Our crew used Amsteel Blue just for our oops bag rope in 2011. If I had it to do over again, I would use Philmont's rope. The Amsteel Blue is plenty strong but for the boys it is a pain literally and figuratively to hang a bear bag with it. It is painful to hoist due to its small diameter and at times you are lifting significant weight with it. Using a stick sounds great but it doesn't work very well. The Amsteel Blue also tangles much more easily than the Philmont ropes because of its small diameter and something about its texture and it is difficult to untangle especially in the dark. The factor that we didn't consider when we chose the Amsteel Blue was that it is significantly more difficult to hang a bear bag with Amsteel than with the Philmont ropes. At the end of the day (often after dark)the boys are all tired and just want to eat and go to bed but they have to expend more energy messing with tangled ropes that are difficult to deal with. and with ropes that hurt their hands. This may result in bear bags not hung properly. In some camps the staff will come around at night and make sure the bear bags are hung properly, if not, they will drag the crew out to re-hang. Using lightweight ropes is like using an ultra-light backpack. Ultra-light backpacks require more energy because the suspension does not distribute and support the load as well. Lightweight ropes take much more effort to hang than the Philmont issued ropes. Our crew (all 15 year olds – some in great shape some not) found that weight wasn't a huge issue. After a couple of days on the trail, we never thought much about weight. Thats not to say that you shouldn't try to decrease weight, but crew gear is not the best place to focus your weight reducing effort.
Regarding Rangers allowing use of Amsteel, ours allowed it for the oops bag but probably would not have gone along with using it for our main rope. Our ranger discouraged us from using the Amsteel but let us make the decision. Ultimately we found our ranger was correct.Apr 17, 2012 at 8:52 am #1868106
@gosmithpaLocale: Southern Arizona
Our crews used the Amsteel successfully in 2010 but since the rope was new it created a lot of tangling problems. Last year our crews used it again but our Ranger forced us to take one of the Philmont ropes for our main bear bagging rope but permitted us to use the Amsteel rope for the Oops bag rope. We use throw bags for the Amsteel bear bagging rope which makes it extremely easy but keep in mind the rope was "broken in" from the prior year (I would be happy to post photos of our throw bags plus we made some YouTube videos as well). I believe our other crew had the same experience even though their Ranger was more experienced as well as a lightweight hiker. Our crew convinced our Ranger that they could successfully use the Amsteel rope for the main bear bagging rope during Ranger training on the trail but unfortunately we were stuck with the Philmont rope which went along for the remainder of the trek.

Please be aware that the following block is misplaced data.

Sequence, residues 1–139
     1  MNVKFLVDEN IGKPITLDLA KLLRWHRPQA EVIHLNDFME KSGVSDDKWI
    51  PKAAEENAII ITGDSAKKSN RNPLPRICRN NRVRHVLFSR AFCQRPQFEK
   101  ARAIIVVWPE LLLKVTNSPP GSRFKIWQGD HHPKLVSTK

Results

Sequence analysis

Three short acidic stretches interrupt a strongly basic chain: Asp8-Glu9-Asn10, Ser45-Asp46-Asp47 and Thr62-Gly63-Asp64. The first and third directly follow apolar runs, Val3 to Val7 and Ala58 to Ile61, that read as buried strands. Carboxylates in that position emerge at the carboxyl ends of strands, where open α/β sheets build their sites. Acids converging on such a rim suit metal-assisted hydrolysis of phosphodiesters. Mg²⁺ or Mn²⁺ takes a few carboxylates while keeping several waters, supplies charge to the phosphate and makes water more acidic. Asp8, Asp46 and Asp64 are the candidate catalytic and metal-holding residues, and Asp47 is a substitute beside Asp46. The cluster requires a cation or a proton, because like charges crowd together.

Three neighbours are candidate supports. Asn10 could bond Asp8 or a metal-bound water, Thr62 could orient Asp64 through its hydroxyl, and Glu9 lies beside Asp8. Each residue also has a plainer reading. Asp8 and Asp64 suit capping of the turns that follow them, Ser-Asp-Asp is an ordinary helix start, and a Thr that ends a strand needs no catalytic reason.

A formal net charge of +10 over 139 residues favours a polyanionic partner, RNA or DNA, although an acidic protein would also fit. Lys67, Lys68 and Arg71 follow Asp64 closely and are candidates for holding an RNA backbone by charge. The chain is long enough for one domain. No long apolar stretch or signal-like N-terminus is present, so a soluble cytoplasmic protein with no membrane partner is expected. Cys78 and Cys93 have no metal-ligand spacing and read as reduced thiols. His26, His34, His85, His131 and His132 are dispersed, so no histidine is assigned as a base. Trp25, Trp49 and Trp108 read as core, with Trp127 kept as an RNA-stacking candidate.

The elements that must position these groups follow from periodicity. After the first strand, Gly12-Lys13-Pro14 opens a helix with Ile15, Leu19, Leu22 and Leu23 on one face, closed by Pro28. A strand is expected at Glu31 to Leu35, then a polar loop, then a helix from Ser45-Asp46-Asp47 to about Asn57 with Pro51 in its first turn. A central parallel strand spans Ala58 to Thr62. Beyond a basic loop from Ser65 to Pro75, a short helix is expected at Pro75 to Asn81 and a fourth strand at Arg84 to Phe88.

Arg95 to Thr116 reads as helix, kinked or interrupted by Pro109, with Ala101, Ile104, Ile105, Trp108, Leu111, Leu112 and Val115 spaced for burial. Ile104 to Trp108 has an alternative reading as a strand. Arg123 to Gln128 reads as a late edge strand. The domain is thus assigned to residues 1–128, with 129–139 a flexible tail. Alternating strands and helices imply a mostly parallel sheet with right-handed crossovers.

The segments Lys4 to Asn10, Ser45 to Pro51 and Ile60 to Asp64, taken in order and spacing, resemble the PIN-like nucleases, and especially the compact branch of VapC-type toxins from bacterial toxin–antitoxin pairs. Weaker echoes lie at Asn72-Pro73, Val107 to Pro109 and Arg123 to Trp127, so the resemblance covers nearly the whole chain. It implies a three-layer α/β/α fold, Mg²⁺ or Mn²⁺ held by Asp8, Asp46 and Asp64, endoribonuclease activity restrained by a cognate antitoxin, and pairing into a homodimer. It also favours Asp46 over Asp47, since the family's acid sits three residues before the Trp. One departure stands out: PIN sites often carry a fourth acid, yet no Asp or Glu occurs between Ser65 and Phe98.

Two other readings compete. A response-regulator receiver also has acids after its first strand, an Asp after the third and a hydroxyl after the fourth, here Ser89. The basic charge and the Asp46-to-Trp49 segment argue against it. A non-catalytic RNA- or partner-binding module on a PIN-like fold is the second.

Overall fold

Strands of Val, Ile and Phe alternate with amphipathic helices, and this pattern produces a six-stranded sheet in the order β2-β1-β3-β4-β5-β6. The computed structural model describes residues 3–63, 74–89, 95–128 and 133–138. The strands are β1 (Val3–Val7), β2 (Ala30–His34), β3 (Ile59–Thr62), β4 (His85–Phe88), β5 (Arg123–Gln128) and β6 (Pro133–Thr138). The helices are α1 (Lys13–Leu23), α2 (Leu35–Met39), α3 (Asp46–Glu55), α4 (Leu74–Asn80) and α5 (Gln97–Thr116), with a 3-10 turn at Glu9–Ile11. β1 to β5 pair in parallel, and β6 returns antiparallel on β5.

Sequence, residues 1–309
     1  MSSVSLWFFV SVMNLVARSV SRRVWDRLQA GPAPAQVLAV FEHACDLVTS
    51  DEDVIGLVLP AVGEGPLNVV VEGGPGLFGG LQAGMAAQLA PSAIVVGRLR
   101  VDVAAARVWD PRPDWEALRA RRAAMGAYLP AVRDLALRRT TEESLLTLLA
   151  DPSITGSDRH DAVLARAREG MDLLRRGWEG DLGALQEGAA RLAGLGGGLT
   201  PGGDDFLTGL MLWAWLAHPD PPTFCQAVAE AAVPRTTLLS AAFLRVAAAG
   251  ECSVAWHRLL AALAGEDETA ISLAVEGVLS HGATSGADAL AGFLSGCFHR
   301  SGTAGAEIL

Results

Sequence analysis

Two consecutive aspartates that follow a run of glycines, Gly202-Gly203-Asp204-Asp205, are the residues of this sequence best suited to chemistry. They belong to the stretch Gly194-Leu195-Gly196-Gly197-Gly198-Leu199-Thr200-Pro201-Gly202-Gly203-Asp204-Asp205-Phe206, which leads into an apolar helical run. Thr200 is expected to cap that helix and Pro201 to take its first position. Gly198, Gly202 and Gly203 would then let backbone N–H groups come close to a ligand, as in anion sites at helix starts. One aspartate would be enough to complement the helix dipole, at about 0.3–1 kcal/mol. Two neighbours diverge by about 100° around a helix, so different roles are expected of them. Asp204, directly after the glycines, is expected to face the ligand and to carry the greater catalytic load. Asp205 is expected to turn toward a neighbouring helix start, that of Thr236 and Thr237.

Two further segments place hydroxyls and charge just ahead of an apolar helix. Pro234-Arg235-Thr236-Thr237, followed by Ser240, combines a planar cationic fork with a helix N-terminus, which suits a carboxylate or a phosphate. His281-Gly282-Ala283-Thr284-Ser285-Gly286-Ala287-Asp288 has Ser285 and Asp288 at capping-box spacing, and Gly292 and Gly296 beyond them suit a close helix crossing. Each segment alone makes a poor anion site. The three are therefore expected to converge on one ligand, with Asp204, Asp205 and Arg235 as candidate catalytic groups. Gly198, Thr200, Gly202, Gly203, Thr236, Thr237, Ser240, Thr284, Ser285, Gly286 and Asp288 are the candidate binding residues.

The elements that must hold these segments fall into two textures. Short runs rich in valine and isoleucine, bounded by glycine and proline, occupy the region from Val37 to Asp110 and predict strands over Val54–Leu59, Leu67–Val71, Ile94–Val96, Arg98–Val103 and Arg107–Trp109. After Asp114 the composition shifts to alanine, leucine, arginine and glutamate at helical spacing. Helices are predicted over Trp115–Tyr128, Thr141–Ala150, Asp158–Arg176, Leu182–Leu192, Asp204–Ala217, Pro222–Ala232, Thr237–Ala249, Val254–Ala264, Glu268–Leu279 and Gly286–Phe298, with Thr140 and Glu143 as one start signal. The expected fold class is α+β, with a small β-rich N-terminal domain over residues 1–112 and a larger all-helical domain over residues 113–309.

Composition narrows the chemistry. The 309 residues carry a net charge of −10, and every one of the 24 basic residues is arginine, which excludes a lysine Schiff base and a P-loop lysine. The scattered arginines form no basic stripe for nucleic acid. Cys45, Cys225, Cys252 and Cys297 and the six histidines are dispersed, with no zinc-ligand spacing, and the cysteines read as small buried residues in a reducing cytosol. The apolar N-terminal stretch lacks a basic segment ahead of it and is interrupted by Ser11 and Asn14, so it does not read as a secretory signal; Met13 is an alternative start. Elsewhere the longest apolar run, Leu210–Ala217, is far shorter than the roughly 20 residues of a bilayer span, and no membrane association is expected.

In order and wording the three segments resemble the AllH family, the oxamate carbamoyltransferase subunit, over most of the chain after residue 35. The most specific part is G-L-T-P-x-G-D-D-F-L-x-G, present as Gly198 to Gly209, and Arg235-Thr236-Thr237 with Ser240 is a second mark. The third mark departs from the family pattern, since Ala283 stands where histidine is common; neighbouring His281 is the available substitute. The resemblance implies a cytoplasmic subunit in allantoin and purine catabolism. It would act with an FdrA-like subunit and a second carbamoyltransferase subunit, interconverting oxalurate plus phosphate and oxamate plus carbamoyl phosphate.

In speaking with one of the Ranger trainers after our trek (this guy was our Ranger in 2010), he told me that Philmont did not want the lighter rope used for the main bear bagging rope; basically their standard operating procedure ~ period! I would assume that we will face the same issue this year. It will really depend on the experience of your Ranger. If your Ranger is new, then plan on carrying at least one of Philmont's ropes as well as the sump frisbee and scraper. If your Ranger is more experienced then you may have some luck in convincing him or her of your system.
The sump strainer always faces the same set of protocols. There is limited room for negotiation but again it hinges on your Ranger. The most important thing is that regardless of what you decide to use for any of your Crew gear, the Crew has got to know how to use it prior to arriving at Philmont.Apr 17, 2012 at 10:09 am #1868137
What is the specifications for Philmont Bear Bagging rope per crew (diameter, weight capacity, type, length, number of ropes, etc.?).
I'd rather bring our own rope as long as we can actually use it.Apr 17, 2012 at 10:53 am #1868153
As with any system you and the boys use in the back country, it is advisable (IMHO) to become proficient with it ahead of time (to save time, effort and frustration).
A little bit of practice using this rope system, will allow for a more accurate assessment for its suitability for your crew.
(And of course, as Glenn states, there is that "luck of of the draw" factor for your ranger … but the techniques learned using this system easily transfers to Philmont issued ropes)
To minimize/eliminate rope twist and consequently those rope tangles, the rope needs to be stored by knitting / daisy chaining the rope (instead of coiling it).
The knitting / daisy-chaining will avoid the twisting the rope and the resulting tangles.
Of course, it is possible to coil line without twisting it, but for our crews not all the lads could consistently perform the technique to do that … but they ALL could consistently and reliably knit/daisy-chain. An example of a discovery made from trying out the system before hand.
Best of the trail to you!